2

What is the longest discrepancy between death and publication?

7

The paper

Radcliffe, J. M. "Some properties of coherent spin states." Journal of Physics A: General Physics 4.3 (1971): 313

was submitted in 1970, published in 1971, and contains the following:

enter image description here

At the time of writing this post, the paper has 951 Google citations.

There is no hint as to the date of the passing of Prof. Radcliffe but it is the only publication by this author on MathSciNet; it is entirely possible that Prof. Radcliffe could have published in Journals not covered by MathSciNet. The Mathematical Genealogy project contains references to a single John Radcliffe who graduated from University of London in 1967, but the general area of the thesis and the aforementioned work do not match very well.

Anyways, this is clearly an example of posthumous publication not done in collaboration.

  • 1
    Why does your second paragraph say "D" Radcliffe? – Azor Ahai Oct 28 at 23:49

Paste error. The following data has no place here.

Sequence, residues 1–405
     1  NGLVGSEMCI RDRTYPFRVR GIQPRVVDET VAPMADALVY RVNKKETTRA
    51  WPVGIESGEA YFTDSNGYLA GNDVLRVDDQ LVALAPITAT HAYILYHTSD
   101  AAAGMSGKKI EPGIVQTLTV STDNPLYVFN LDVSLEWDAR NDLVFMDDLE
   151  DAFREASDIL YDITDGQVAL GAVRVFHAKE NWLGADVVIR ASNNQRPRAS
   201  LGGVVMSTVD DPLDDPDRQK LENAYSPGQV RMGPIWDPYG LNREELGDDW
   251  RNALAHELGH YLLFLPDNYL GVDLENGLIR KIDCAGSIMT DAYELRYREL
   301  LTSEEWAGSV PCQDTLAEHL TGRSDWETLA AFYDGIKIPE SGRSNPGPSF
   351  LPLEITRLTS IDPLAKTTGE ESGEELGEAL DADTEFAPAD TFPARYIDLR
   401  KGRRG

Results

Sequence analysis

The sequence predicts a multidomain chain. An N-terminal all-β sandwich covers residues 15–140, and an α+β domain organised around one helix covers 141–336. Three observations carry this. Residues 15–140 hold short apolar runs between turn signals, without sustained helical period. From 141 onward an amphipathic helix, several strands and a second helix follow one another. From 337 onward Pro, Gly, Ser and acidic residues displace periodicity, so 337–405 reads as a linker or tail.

• @AzorAhai actually that what the note added in proof states, probably an error on their part. I reproduced a screen shot of the note as is in the paper. – ZeroTheHero Oct 29 at 0:09
5

Yes, papers get published posthumously.

I don't know who the world record holders are, but Klaus Schulten, one of the greats of biomolecular simulation, who passed away in October 2016, has written several papers in 2019 (according to Google Scholar). These include a PNAS: https://www.pnas.org/content/116/12/5356.short

  • 5
    Easier with joint publications that take a while to come to completion, I guess. – Buffy Oct 28 at 21:07
4

Euler has several items published/presented in 1862. This is 79 years after his death on 18 September 1783. (Several were written in the 1740s, so the writing-publishing gap is more than a century.)

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